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Community projects help north Scotland locals learn more about nature and landscapes

17th April 2013

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Photograph of Community projects help north Scotland locals learn more about nature and landscapes

Two community-based projects which have raised awareness and helped people get involved in nature and landscapes in Caithness and Sutherland have been praised.

In December 2009, two grants from Scottish Natural Heritage (SNH) were matched with money from The Highland Leader Programme to provide 80,000 for biodiversity projects in Caithness and Sutherland.

These included work involving woods, lochs, ponds; river banks, garden birds, Arctic terns, puffins, and bats. One project even identified a rare insect in a project which is expected to make a significant contribution to insect knowledge.

The Caithness and Sutherland Partnerships embarked on the three-year environment funds' which have now reached a successful conclusion.

Under these, Involvement' projects helped encourage more children and adults to learn and care about nature, and get involved in looking after the environment.

And under the biodiversity' theme projects which improve, protect and manage native species and habitats were highlighted.

Commenting on the successful conclusion of the two schemes, SNH Unit Manager Lesley Cranna said: "We have been closely involved with the Caithness and Sutherland Partnerships since they came into being and we were delighted to help them establish these Environmental Funds in 2009.

"They have succeeded in getting more people actively engaged in their local environment and we would like to congratulate all involved in delivering these projects for their hard work."

The Sutherland Partnership administered their environmental fund through the Sutherland Partnership Biodiversity Group chaired by noted local naturalist Ian Evans.

Over the course of the Sutherland scheme, 14 community projects were delivered. Seven of these included training events and projects and three improved footpaths to encourage people get out and about and enjoy the countryside.

The Caithness Environment Group, chaired by councillor Robert Coghill of Stemster, has been responsible for approving their grant awards. Over the three years of the scheme the fund has helped 16 projects with assistance ranging from 240 to the maximum allowable under the scheme of 6,000.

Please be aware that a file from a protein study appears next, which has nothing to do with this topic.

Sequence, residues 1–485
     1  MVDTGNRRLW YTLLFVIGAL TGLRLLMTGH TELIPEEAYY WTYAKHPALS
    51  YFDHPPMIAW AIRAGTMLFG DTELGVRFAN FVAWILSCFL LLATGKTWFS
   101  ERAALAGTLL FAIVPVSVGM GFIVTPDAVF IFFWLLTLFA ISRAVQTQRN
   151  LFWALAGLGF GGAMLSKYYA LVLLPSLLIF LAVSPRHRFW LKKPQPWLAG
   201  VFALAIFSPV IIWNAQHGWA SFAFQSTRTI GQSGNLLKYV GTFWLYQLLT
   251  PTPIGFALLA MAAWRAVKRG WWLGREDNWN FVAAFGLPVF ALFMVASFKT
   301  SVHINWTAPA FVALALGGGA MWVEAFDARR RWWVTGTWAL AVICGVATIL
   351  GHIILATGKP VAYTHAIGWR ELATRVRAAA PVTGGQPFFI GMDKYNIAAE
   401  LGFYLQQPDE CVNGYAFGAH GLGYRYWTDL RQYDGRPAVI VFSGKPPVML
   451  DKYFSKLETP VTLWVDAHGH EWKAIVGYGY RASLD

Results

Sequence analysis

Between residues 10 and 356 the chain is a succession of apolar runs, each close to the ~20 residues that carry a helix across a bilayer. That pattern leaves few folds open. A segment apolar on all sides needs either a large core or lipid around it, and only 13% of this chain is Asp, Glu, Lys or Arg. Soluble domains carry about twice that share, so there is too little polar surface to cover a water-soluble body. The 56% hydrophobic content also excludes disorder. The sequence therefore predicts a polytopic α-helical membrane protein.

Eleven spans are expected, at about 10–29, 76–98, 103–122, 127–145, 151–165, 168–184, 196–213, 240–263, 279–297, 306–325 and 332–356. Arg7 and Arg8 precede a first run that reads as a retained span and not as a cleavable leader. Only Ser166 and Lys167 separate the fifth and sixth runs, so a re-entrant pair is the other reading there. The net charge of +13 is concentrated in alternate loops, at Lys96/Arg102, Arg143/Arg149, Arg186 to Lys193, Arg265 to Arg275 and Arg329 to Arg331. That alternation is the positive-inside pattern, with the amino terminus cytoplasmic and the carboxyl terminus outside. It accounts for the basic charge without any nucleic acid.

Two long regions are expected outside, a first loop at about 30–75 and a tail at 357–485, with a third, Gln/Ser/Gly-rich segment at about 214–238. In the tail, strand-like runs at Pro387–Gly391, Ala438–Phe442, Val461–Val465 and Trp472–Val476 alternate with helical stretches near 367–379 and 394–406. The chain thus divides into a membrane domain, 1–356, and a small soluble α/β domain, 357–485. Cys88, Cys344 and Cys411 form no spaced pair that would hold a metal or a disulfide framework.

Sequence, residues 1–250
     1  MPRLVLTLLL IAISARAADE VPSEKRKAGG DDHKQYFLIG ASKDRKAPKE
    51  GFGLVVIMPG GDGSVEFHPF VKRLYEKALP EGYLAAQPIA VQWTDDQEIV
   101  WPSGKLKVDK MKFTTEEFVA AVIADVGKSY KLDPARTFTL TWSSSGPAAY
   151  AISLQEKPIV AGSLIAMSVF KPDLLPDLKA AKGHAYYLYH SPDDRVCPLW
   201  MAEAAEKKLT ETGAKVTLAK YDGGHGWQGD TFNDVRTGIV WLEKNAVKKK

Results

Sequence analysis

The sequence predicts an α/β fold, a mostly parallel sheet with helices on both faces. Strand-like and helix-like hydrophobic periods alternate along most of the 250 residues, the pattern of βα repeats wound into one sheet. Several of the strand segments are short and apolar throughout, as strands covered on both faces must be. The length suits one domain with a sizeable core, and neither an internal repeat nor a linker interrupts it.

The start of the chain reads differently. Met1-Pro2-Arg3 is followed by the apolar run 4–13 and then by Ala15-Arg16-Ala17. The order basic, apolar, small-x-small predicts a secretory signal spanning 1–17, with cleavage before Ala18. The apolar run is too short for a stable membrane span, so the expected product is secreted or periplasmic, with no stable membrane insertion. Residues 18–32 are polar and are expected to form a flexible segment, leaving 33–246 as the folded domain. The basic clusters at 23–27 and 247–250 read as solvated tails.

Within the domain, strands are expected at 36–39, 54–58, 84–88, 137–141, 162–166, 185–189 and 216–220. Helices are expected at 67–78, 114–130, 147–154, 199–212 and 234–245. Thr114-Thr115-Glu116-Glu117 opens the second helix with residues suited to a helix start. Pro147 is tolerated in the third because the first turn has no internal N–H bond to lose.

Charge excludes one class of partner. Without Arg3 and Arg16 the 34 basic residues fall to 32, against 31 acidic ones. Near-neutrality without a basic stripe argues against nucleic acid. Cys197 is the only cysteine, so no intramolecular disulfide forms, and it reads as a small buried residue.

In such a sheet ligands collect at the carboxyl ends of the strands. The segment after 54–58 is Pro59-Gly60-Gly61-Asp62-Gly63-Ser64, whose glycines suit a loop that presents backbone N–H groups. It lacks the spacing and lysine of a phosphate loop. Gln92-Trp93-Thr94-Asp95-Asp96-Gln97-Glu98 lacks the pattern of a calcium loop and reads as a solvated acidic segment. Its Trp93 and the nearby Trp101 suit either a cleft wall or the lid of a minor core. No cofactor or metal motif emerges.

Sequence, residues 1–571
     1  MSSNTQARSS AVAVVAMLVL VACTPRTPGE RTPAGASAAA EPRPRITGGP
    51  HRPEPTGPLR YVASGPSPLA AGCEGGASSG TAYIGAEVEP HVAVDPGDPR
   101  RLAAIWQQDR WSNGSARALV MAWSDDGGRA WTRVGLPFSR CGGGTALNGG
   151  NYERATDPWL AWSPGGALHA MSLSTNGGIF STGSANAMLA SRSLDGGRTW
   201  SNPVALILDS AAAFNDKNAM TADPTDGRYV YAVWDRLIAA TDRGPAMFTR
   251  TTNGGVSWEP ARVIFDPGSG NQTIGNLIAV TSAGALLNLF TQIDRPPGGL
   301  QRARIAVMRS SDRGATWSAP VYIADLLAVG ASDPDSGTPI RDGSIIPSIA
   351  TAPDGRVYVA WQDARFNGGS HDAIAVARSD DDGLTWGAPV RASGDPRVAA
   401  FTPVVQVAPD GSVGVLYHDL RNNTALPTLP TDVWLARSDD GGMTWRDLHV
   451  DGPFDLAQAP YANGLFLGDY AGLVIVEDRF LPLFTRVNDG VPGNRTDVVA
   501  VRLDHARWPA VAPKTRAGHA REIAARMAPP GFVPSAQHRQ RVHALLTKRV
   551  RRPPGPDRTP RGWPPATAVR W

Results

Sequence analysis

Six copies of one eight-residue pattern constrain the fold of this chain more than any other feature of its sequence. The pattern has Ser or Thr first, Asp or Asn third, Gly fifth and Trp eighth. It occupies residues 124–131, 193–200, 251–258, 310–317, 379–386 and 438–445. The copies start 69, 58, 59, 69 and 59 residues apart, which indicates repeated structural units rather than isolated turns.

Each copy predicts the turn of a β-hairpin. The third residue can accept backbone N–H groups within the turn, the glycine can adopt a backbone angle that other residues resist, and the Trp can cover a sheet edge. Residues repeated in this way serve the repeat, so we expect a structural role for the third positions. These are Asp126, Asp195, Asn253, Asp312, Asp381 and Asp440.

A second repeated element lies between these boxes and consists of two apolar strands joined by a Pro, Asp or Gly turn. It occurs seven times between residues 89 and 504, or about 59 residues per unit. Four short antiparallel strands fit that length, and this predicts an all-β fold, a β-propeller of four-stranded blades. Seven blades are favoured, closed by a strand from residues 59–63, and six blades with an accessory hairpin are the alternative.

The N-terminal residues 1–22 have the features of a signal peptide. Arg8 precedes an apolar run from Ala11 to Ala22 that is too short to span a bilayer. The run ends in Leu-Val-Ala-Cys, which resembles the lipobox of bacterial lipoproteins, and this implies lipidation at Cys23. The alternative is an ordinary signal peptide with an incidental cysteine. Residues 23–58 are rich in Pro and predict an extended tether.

Caithness projects included building bird boxes, creating a pond as well as path works and nature trails. A number of projects also involved creating better outdoor spaces in more urban areas such as wildlife gardens, a sensory garden for people with special needs and an all abilities viewing platform beside the River Thurso.

Fiona Mackenzie, development officer for Sutherland Partnership, said: "I am really pleased to say that now our scheme is complete we have far exceeded our original targets and expectations. The fund delivered a range of community-led projects tackling a multitude of biodiversity issues and the majority of these projects involved learning, with many specifically targeting young people.

"The grant aid from Highland Leader and Scottish Natural Heritage has also allowed our knowledge and understanding of species and habitats to be increased not only here in Sutherland but also at a national level."

John Green, chair of the Caithness Partnership, stressed: "I think we have clearly demonstrated the great value of working in partnership. Between us we delivered an environmental grant scheme of significant benefit to Caithness. I would like to thank all involved but particularly Scottish Natural Heritage for helping us devise such a simple and effective grant scheme."

Both funds were set up to support the objectives of the Caithness and Sutherland Local Biodiversity Action Plans, and both National and Regional Biodiversity Action Plans.

Examples of funded projects

Stoer Parent Council used the funding to engage primary school pupils with their environment. Their project used drama and art-based activities to show how the land has been shaped and continues to be influenced by humans.

Assynt Field Club set up a malaise trap', a large, tent-like structure of fine netting designed to trap flying insects. The club gathered information on insect life in Assynt and produced some important results for the area including the first confirmed record of the rare lacewing Helicoconis hirtinervis. The results from this project are expected to make a large contribution to knowledge of insect groups.

Gearchoille Community Woodland Trust in Ardgay completed two projects from the Sutherland Partnership environment fund; one for a wildlife pond, the other to stage an environmental event. The first saw an old pond recreated to enhance biodiversity and has been used for training and learning events for school children and locals. The trust's well-attended environmental day focused on the pond and had a number of specialist nature guides and events for all ages.

Caithness Biodiversity Group was successful in three bids to the fund. Its leaflet raising awareness of salmonberry, a non-native invasive plant, was the smallest award at 240. The group also received one of the larger awards of 5709 for its planting the future' project at Ormlie. This saw a therapeutic garden and plant nursery adjacent to Thor House created. The establishment benefits people with learning difficulties and other vulnerable groups.

Watten Community Council created a nature trail with an interpretation board between Bain Place and Achingale Place, and beside Loch Watten. Other areas in Caithness to benefit from grants were Dunnet Forest; Wick; Dunbeath; Bower; Thurso; Keiss, and Rumster.

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